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Module 1: Design Guidelines for Pedestrian and Cycling Facilities

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Design of Pedestrian Crossing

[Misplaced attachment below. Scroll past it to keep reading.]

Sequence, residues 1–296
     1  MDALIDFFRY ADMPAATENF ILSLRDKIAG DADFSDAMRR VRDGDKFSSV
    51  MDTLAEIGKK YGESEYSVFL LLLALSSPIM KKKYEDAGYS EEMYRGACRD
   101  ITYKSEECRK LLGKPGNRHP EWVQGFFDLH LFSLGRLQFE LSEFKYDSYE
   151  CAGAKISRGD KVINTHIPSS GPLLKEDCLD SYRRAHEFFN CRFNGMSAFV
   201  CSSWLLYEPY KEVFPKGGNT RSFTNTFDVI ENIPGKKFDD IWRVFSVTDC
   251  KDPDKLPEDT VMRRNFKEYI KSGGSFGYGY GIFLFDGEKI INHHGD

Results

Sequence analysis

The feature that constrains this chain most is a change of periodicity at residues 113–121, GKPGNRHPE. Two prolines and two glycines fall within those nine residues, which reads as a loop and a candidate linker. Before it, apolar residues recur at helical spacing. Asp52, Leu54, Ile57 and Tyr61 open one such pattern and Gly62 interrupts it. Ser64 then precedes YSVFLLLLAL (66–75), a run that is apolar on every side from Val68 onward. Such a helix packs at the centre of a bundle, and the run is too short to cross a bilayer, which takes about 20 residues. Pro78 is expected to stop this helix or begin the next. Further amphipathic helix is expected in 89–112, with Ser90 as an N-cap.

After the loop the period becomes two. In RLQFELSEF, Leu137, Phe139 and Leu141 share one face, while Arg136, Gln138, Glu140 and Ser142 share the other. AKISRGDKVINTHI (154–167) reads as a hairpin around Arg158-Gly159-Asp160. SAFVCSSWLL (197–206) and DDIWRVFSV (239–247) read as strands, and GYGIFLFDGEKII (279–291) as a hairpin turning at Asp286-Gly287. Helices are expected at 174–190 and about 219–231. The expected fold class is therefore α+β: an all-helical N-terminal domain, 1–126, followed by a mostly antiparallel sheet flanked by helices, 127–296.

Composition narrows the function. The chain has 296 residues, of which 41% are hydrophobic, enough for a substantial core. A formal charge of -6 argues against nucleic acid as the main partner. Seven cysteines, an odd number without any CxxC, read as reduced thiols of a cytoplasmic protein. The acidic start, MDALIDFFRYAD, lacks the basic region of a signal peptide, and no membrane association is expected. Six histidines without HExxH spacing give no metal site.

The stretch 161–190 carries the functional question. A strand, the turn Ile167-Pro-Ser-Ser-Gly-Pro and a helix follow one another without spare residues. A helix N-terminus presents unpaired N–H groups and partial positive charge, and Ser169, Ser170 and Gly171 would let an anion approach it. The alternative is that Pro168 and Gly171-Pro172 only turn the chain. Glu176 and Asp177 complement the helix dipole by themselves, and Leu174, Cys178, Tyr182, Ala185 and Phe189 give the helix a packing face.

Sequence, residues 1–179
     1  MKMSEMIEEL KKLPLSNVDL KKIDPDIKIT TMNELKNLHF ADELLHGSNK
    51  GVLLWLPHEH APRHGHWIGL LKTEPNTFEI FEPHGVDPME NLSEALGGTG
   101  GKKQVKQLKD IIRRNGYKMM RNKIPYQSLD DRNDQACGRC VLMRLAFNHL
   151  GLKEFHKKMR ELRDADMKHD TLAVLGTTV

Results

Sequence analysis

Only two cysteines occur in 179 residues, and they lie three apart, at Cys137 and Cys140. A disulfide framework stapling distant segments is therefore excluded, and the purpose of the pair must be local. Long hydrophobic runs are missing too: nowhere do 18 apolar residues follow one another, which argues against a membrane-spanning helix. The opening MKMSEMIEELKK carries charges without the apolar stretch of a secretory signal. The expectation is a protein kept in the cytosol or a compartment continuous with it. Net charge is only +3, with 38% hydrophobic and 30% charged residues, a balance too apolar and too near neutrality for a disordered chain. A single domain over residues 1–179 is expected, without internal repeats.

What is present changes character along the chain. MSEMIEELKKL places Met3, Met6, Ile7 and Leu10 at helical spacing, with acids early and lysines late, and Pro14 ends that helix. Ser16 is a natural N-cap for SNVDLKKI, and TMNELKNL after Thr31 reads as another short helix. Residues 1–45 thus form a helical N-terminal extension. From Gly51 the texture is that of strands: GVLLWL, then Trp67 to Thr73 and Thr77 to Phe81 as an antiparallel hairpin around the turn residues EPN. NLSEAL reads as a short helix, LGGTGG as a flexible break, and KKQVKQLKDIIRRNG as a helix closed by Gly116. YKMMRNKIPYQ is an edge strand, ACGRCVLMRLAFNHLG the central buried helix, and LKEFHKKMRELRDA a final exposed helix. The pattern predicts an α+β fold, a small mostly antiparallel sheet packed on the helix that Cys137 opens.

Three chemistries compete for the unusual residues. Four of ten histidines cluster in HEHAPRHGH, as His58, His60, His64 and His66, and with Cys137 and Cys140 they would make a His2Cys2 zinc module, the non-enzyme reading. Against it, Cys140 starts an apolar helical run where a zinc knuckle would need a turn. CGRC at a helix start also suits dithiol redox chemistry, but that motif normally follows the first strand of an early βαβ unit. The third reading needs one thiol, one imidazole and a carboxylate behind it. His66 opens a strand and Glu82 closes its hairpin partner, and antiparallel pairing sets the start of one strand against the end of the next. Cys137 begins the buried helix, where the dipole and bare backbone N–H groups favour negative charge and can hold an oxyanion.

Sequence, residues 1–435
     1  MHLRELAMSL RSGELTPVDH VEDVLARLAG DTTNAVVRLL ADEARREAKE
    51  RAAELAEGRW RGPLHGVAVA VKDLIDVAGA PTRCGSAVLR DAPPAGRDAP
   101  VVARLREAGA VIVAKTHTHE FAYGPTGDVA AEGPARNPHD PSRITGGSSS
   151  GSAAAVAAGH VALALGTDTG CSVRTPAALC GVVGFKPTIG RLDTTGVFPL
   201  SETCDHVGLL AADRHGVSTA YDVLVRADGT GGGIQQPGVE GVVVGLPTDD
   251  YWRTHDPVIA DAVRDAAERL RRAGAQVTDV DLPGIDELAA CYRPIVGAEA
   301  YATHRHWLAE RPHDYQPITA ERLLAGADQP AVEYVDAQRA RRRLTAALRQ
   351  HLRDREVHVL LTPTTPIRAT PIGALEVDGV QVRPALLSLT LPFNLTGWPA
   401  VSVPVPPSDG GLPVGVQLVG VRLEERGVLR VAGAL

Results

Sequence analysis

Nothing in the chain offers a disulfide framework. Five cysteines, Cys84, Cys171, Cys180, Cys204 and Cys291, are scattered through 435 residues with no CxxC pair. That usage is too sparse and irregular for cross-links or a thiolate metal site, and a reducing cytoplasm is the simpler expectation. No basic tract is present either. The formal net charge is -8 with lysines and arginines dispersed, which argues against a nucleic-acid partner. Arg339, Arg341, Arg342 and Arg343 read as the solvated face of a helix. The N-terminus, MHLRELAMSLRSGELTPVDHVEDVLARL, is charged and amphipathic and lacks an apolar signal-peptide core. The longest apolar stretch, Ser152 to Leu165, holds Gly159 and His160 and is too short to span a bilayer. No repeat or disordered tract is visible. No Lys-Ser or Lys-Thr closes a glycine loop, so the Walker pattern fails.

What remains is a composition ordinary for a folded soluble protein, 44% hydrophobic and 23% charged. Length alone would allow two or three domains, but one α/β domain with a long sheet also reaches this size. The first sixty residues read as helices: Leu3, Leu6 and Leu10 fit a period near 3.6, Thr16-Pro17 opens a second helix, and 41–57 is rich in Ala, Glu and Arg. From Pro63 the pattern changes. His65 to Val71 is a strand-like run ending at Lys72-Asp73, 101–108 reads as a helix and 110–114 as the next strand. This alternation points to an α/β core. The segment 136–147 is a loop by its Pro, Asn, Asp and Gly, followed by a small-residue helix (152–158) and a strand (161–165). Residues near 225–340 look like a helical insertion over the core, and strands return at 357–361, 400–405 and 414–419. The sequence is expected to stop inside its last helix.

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Now, let us look at, in this lecture, we'll look at, uh, how to design crosswalks or mid-block crosswalks, uh, along her, uh, urban. This is again as IRC one zero three, published in 2012. So what are crosswalks, uh, you know, crosswalks are, uh, the zebra crossing markings or the pavement markings that are. Uh, present either at signalized intersections or at other strategic locations, uh, which may be mid-block as well. Uh, these are provided so that pedestrians can cross, uh, can cross is the shortest possible route, right? Otherwise, uh, if the pedestrian have to walk for a long distance, uh, and then, uh, cross the road, they may not be taking. Uh, the pedestrian route and mainstay be using a motorized mode of transport. So in order to provide them the shortest, uh, crossing off, uh, a roadway or an urban street, these crosswalks are designed. So preferred crosswalks are always at grid. For example, this isn't at grid. Uh, crosswalk, it may be on a tabletop. So tabletop cross me a crosswalk, meaning, uh, it is a, there is a ramp that raises the crosswalk slightly above the, um, uh, right away or slightly above the, um, and then the markings are provided here, but these are also considered at grid. Whereas there are some crosswalks or they are called foot over bridges that are grid separated or. Above the grid. Okay. They're called foot over. So such kind of facilities are also crossings, uh, which are provided at certain locations where it is necessary dated, but they are not at grade their grade separated or they're above the ground or foot over. In another case, they may also be grid separated, but then maybe below the ground below grade, or they may be called underpasses. So there are three different types of. Crossings when you, uh, have to consider, uh, uh, crossing of pedestrians at urban streets or along urban streets, you can either design them at grid. You can provide them, uh, at, uh, uh, above grid or under grid, depending upon the situation. Crossings are a must at T junction. So whenever you encounter a, um, uh, a road geometry forming a T, so whenever you encounter, uh, something like this, yeah. You are encountered by her. Uh, you are encountered by a T junction at such a junction across work. Is there. Must right. You have to provide crosswalks. Otherwise people will not, our pedestrians will not be able to cross the road. So that is the basic principle of designing of crosswalk. They may be at grid. They're always preferred at grid. They may be on a table top, or may not be on a tabletop in the other locker. In the other situations, there may be some types of row provided above grid or beloved. Now crosswalks are often installed ad signalized intersections and select locations, right? These kinds of, uh, uh, markings, we zebra beat ladder zebra, eat ladder. We dashed it continental like this standard solid any kind of, uh, markings on the pavement denotes. Uh, crosswalk, right? There are some standard markings that denotes crosswalk. They are often signalized locations or at other select locations, select locations, meaning they may not be at an intersection. They may be mid-block, but there is a reason for providing a crosswalk. Without any reason, you should not provide crosswalks at multiple locations that will only obstruct the flow of vehicles on that street. So at either the junctions. Audit signalized intersections or at strategic locations, these crosswalks should be provided. Uh, the parallel lines. It would be 0.2, 2.6 meter in width and a minimum like 1.8 meter standard is three meter. So you have to at least provide a wit these two lines should be at least point to 2.6 meter apart. And the minimum length should be at least 1.8 meters. Standard length is usually three meters, so that the length of the crosswalk is nothing but the length, the width of the road that the pedestrian has to cross, right. Markings may be different. We've already seen the different types of markings. So in the last lecture, it was, we were talking about these kind of cross, uh, crosswalks. So these are provided at signalized intersections when there is an all red phase at all the four. Junctions. They allow people to crisscross, uh, at intersections, which they otherwise had to cross in a L shape. But now the other thing to, uh, think about when you're designing crosswalks is to look at the corner radius of the, um, streets. So these corner radius at the streets. Should be as small as possible, right? The smaller, uh, turning radius increases pedestrian safety by reducing regular speed. If this radius is too much, the vehicles will travel fast. If the vehicles turn fast, then there do not be enough time for the pedestrians to cross. Hence, one of the. Uh, safest designs at intersections that are always recommended is to have very small turning radio at the intersection. So that is one thing you should always remember. The other thing to remember is the ramp slope. The slope of the ramp should be between one is two, five, two, one is two eight. So when you are designing this crosswalk on a tabletop, right? So even you're designing the crosswalk on the table top. The ramp that you provide for the vehicles. This lab allows the vehicles to slow down because suddenly they see a change in, uh, inclination. They will slow down and that ramp should be anywhere between one is two, five to one is two it to ensure that the vehicles slow down at the crossing. Then the alignment with the desired lines, uh, pedestrian crossings at intersection should be located, says that there is minimum deviation from the path. Of travel, define better pedestrian zone. Often you will see that the design is such, but user experience tells us that people will. If they have to go from here to, from here to here, they will not take this part. They will usually take this part. So you will often see. Uh, part that is developed by the users themselves. So we have to keep this in mind when we design the, uh, design, the crossings at the intersection. So if there is the sh if there is a shortest part yeah. across in canvas design, we need to design it accordingly. Okay. So if the crossings have to be the shortest path between two points, So, uh, what we learned in this, uh, slide, uh, quickly summarizing them. You have to have a corner radius that is small. The coverages should not exceed six meter in residential areas. So that is kind of a guideline given VARC ramp slopes should be such that this load on the vehicles anywhere between one is to fight. One is two eight, and the desired line should be taken care off. the other thing to remember is at minor intersections, if the, uh, how to design for a crosswalk, right? If the intersection is not signalized, it is acceptable to raise the crossings that are perpendicular to the minor arms while the crossing at the major arms is provided at grade. So what happens is if it's an uncivilized intersection, Right. There is no uncivilized intersection between a minor and a major app. Right? So what is desirable here is raise the crossing data perpendicular to the minor arm. So when you're trying to develop a pedestrian crossing that is perpendicular to the minor arm, you can raise this on a tabletop, whereas. Along the major are perpendicular to the major app. You can provide it at grid. Okay. So that is one of the things to remember when you are designing between major and minor up for signalized intersections. If the crossing is at the level of the Gardner must be ramped. So each of the corners must be them, right? So if, if this is the sidewalk and this is the crosswalk, this is the crosswalk. Then there should be a ramp up, must be ramp. The width of the ramp should be at least a 1.2 meters. And the slope, no steeper. Then one is two. So these are some design guidelines. That ensure that there is a safe crossing, not only safe crossing for the pedestrian, but also keeping in mind the vehicles so that they will stop or reduce in speed while at the intersection, which may or may not be signalized. So you're always remember the distinction between a signalized and in on signalized intersection and how to provide a crossing at each one of them. Now, if it is a mid-block crossing, the next scenario could be that there is a, there are two, uh, intersections wide apart and in the middle of the two intersections people, there are a lot of activities that happen that are land users, uh, along that street, uh, that, uh, ensure that there is a lot of pedestrian activity. Then you are bound to provider mid-block crosswalk. So if, uh, this is the situation, uh, if this is the situation where, uh, there are two intersections that are so far from far away from each other, right? So these are the two intersections that are so far away from each other. And there is a lot of land use here that generates a lot of pedestrian traffic. So, instead of not only providing crosswalks at the signalized intersections, you also end up providing crosswalks somewhere mid-block as well. So this is, this is called a mid-block crosswalk, right? Is a similar situation is shown in both of these pictures. What, how do you do, uh, extra care has to be taken? While designing this mid-block crosswalks because it is in the middle of the block that the vehicles usually have arc top speed. Right? Uh, so when the vehicle has just crossed this, uh, signalized intersection and is now heading, heading South, it has already picked up pace because it has crossed the intersection and only here will it eventually reduce space because it is then approaching another intersection. So in between, right here where the crosswalk is, It may be at a very high speed. So when you are dealing with such a situation where there is high speed vehicles and no signals available at such a spot, when you design for a crosswalk, you have to be very, very careful and safety has to be paramount. So what you usually do is you provide curb extensions. For better visibility to on road motorists. So what you usually do is if the curve is like this on both the sites and you want to provide a crosswalk right here, you usually extend the curb out a little bit. So these are called curb extensions. You extend the curb inside, you extend the curb inside so that what now happens is. This vehicle that is coming here suddenly sees that there is something moving towards the, it, it sees the curb line moved towards this vehicle and the vehicle kind of stops. So somebody coming here they'll see that the curve is colorblind is moving towards this vehicle and they will stop. And on top of it, you can have a ramp up. On both sides up and ramp down on both sides and have the crosswalk design. So not only does it enable this vehicle to see better to see the, uh, but I still tried to cross better. It also shortens the distance that the pedestrian has to travel right now. He or she has to travel that distance. Whereas if there was no curb extension, they had to travel. Huh? Little bit of a greater distance. So what happens by curb extensions? It allows a, the motorists to visualize or to see the pedestrian more clearly the pedestrian who is trying to cross and B it also decreases the distance that the pedestrian now has to cross along the crosswalk. Right? So that is one way of providing mid-block crosswalks is to provide curb extensions. Okay. The other way is to provide a medium refuge Island, allow pedestrians, look for gaps in only one direction at a time. So the other way to do this is you can have a refuge Island in between and you can stagger the crosswalks, right? So the crosswalk is now kind of staggered. So the crosswalk is staggered. The person, this, this is a ramp you're provided the ramp. You provide no curb extension, but you're provided a ramp. And now, because there is a refuge Island here, this is either a refuge Island or a medium or whatever you may call it because there is a space for the pedestrian to stand at that position. Now he, or she can only look at this traffic. And not worry about this traffic while he, or she's crossing these lanes, then they stop at this refugee Island or the medium. Then again has to only worry about this traffic and not worry about this traffic and then crossover. Yeah. So these are two different design methods by which you can design a mid-block crosswalk. Again, you have to be very careful when you're designing mid-block crosswalk because. Usually the speeds of the vehicles between the two intersections is highest at some point in the middle of the two intersections and B, because, uh, there may or may not be, uh, too many people that are wanting to cross at that location. So, uh, the expectation of, uh, uh, motorists may not be, uh, very high to encounter a pedestrian. So because of these two reasons, you will have to. Very carefully designed for that mid-block crosswalk, uh, as per IRC, uh, crossings, not at, but in between the street connectivity, connecting to intersections. Uh, what it says is the spacing should be every 80 to two 50 meter, uh, in residential land uses. Whereas in commercial and mixed land uses, uh, anywhere with an 80 to one 50 meter. And in high intensity commercial areas, it should be pedestrianization as much as possible, right? When there is a lot of pedestrian activity in highly commercialized zone, you should provide crossings as per the need. They're crossing stakes, the priority and vehicular movement does not take priority. Okay. We have already talked about mid blocks. Mid-block with curb extensions provides better visibility with refugee islands. It allows pedestrians. So we have already looked at each of this. These are some standards that I R C recommends. Uh, now a typical, uh, curb ramp design is also a, um, uh, depict, uh, is also shown in, uh, IRC, which has to be taken care of when you are designing for a, uh, for, um, uh, A curb and a crossing. So again, remember universal design has to be applied, right? It has to take care of, uh, uh, pedestrians, which who are especially able. So not only are we, we're talking about, uh, small children and, uh, uh, elderly people crossing, but also about specially able people crossing by themselves, they may not be always accompanied by somebody else. So you are designed. Off your sidewalk or you're crossing, or your crosswalk should always include a universal design principles. So you have to have it flared, uh, flared ramp, a maximum of one is to 10 grade, right? A flared flared, meaning it has to have a flare like that. Uh, it has to have a grade of my, uh, maximum gradient of one is two 10. That has to be tested. Tile flooring are tactile paving. That'll allow the, uh, the, uh, person who, uh, who is visually impaired, uh, to walk, uh, it guides them to walk, uh, properly. Uh, then there has to be a guiding strip, which is 300 millimeter, 300 mm, wide, uh, that has to be provided. And then there has to be a continuous long. It, you know, Um, tell paving and, uh, uh, and guiding blocks so that it enables, uh, the differently abled people to navigate through the sidewalk as well. So these are some design principles to be kept in mind when you're looking at, especially the crossings. So these are the where people will get on and off the sidewalk. Uh, when it comes to, uh, pedestrian signals, we have already, uh, looked at how to design for pedestrian signals. Uh, Preston signals are designed basically considering the minimum time gap required for the crossing, right? Minimum time gap required for the crossing. And it is given by this formula where the first part of the formula takes care of the time to cross. Right. The time to cross, uh, the, uh, uh, the second one takes into account the time taken by Rose to follow one after the other, because, uh, because the width of the crosswalk, there will be multiple people may be crossing in multiple rows and they may be queued up one behind the other. So there is some time that is lost if there is queuing. And also if there are multiple rows, there is friction. So there is some time, additional time that. Uh, it takes to cross the sidewalk across the cross cross the carriage way. And the last one is the time taken to begin. Right? You see, you have to start from inertia. So the people who are closest, uh, to the, uh, uh, to the pavement start first, there's the people who are queued behind they start later. So there is some startup time that is involved. So this will give you the minimum green time. For the pedestrian crossings at the pedestrian signals. If you have to design a pedestrian signal, you have to at least give that much green time, or which is called the minimum time gap in seconds in order to allow for the pedestrians to cross. So if you just look at a simple, uh, uh, exercise where you are, you have been asked to calculate the time gap for a platoon of 27 school children. Who are crossing five in a row, right? Five children per row, consecutive time of two seconds. Uh, they have a consecutive time of two seconds between each other. Uh, with the, the crossing section is 7.5 meters. And the walking speed of the children is 0.9 meter per second, with a start-up time of three seconds. So how much minimum time gaps should they give you already know the formula, uh, for that, uh, N. Uh, if you just have to find out N you have 27 children and five per row. So if we divided by that, you are approximately, there are six roles that are formed, right? So if there are six roles that are formed, you already know the, uh, the width of the pavement. You already know the speed at which average speed at which the children, uh, uh, uh, cross, uh, the children are walking. You already know that, uh, seconds is that consecutive time. So. Time between two children. Walking is two seconds. Uh, your calculator and a six, six minus one. And the startup time is three seconds. So you are getting her time gap. The platoon is 21.33 seconds. That is needed for the entire platoon to cross that, um, category. Now, when you have to design a refuge Island, we have already discussed. About what a refugee Island does. It allows for the pedestrians to cross two different streams of traffic by not by only looking at one stream at a time, right? If there are more than two lanes per direction than a refugee Island is usually recommended that if there are two lanes in one direction and two lanes is another direction, it is not advisable to provide just one long crosswalk. Uh, especially if the lanes are wide enough. So you have to provide, uh, Mid-block a refugee Island. Then the grub pedestrian crosses once traffic stream waits in that refuge added for a gap to cross the next traffic street. Uh, so the dimensions refugee Island dimensions, uh, should be the same. The refuge should be the same width as the pedestrian crossing. And the depth should be no less than two meters, right? The width should be the same as that. Uh, the width should be the same as them. Uh, the, which will be the same as the pedestrian crossing, right? So if this is the refugee Island, which should be the same as the same as the, um, pedestrian crossing, the depth should be no less than two meter enough to park a wheelchair. So that is kind of, uh, uh, design criteria that has been given here. So this should be as much as the crossing and depth should be. At least. Two meters, right? Which should be as much as the pedestrian crossing width. So this is the pedestrian crossing width and the depth should be at least two meters so that a wheelchair can be easily part on the refuge Island. The refugee area, median is greater than crosswalk width, or 3.6 meters, a surface area of at least 4.6 square kilometer. If there is a refuge Island. So if there is a refuge Island that enables you to enables you to, so this is a refuge Island. So if there is a refuge Island that enables you to cross at multiple directions, so that refuge Island should have at least, eh, area of 4.6 square meters. Right? So this isn't a very big intersection and there are multiple refuge islands, right? So these are foods islands. You can. Go, you can cross this weight here, right. Even then either cross this way or that way. So it allows you multidirectional crossing. So if you have a refuge Island of salt that is usually provided when there is a, um, left channelization available, uh, for vehicles to turn left, uh, if they're channelized, then there is a refuge Island that is provided here where you can cross either this way or that way. And such a refuge Island should at least have a area of 4.6 square meters. this again is a design offer. The Fiji islands on a one on a wide two-way road. Median can be used for, uh, pedestrians for weight waiting. As we had already discussed the refuge Island. Can also be a medium, right? It can also be a medium between the two, uh, uh, between the two directions of traffic where people can stop media and it can be landscaped with three plantations, regular street temperature, and treating with a filtering and stormwater. So that is how, uh, you can treat, uh, a median. So. Uh, we often, we often think that the median, uh, should not be taken care of if there is grass growing on the median. Uh, that is the last thing that we should be thinking about. Usually that is not true. Cause medians are for not only for beautification and landscaping, they have other functions as well. So the medians have to be properly taken care of because one of the functions is that it may act as a refuge Island for pedestrians. This is another example, offer a crossing design for specially abled person. Oh, here are multiple refuge islands. You could, you can look at that. So this is a refugee Island. Uh, this may be a service lane to the cross, the service lane, and then the main right-of-way cross it again. You have a refuge Island, then you can, again, cross there. Service lane. So the refuge area should be at least 1.2 meter wide and depend upon the traffic speed. VIT varies with speed of vehicles on road 1.5 meter width for speeds, up to 42 48 kilometer wide, uh, 42 48 kilometer per hour and 2.4 meters for anything between 56 days. So. What internet is telling you is that you have to design these refuge islands, uh, based on the speed of the vehicles that are in the traffic stream. Right? If the speed is too high, what happens is if the speed is too high, then the number of people that have accumulated in the refuge Island will not be able to, uh, cross the Lake across the road very quickly. Right. So there'll be more and more people that start on. That keeps on accumulating here. And then, then, uh, it becomes very crowded. So based on the speed of the vehicles on, on the road, the area of this refugee Island has to be decided upon the lower the speeds. The lower can be the area of the, if you Janet, again, if you take a look at the another problem, A road that is 30 meter wide needs a pedestrian crossing with them. Refuge Island. It is regularly crossed by a platoon of 30 school children, six in a row. These children cross with the consecutive time of three seconds, a start-up time of 3.5 seconds. The walking speed of 1.1 meter per second, to increase the comfort of the pedestrians while crossing the city. Officials decide not to set up. Better in green time of the pedestrian signal beyond 30 seconds. Right? Not more than 30 seconds determine and justify the position of the refuge Island on the cross section of the road. So if you have told to do such a, an intervention, such a design, what should you do? You should first calculate what is the green time are? What is the minimum gap that should be provided for this kind of a situation? You should calculate N you already know, uh, there are 30, uh, students that cross six in a row. So, and you have been told that a maximum of 30 seconds of screen time is given. So if a maximum 30 seconds is given and a, you know, the speed, average speed, you know, the consecutive time, you know, and it's a five and in those startup time, So you can know the VIT author crosswalk. You can know that with, so therefore a median refuge Island at the midway of the road solution is required for a safe and comfortable crossing. 30 seconds is not enough for safe crossing off 15 meters. So fifth. So here, what you are saying is that our road is 30 meter wide. So the road is 30 meter wide. And the green band that you have provided is only 30 seconds. So in that 30 seconds, what you are seeing is that people can only cross 15.95 meters. So the rest 14 odd meters, they still have to cross. So that tells you that there is a requirement for the refuge Island somewhere in the middle of the road. Right? So that is what. Justifies that there must be a median refuge Island, somewhere. The midway of the roadside uh, IRC one Oh three also, um, uh, recommends, or it does not recommend, but it provides, uh, some guidelines for, uh, mid-block crossings as to what are the, what different types of signage can be used. It also recommends that in pavement raised markers could be used along the crosswalk that will reflect a light onto the, uh, onto the motorist. And the motorist will be able to see, uh, the pedestrians crossing. You could have overhead pedestrian signs that alert, uh, the motorists that there is somebody who is crossing on the crosswalk. You can always have a pedestrian signals that have some animation in them. Uh, about, uh, pedestrians crossing, uh, at schools zones, typically you should provide signs that says, uh, schools or with the schools on simple symbol. So many of these signs have been recommended in the IRC, uh, 35, uh, have been taken from the RFC 35 as well. Uh, these are, this is a very, uh, typical, uh, road crossing at yields, uh, at yield science where you have to, where there is no signal. Available, you have to yield for pedestrians. That is what that signal says. So, uh, my recommendation would be, you have to go through this IRC very carefully before you start designing for any kind of pedestrian crossings at your art constricts.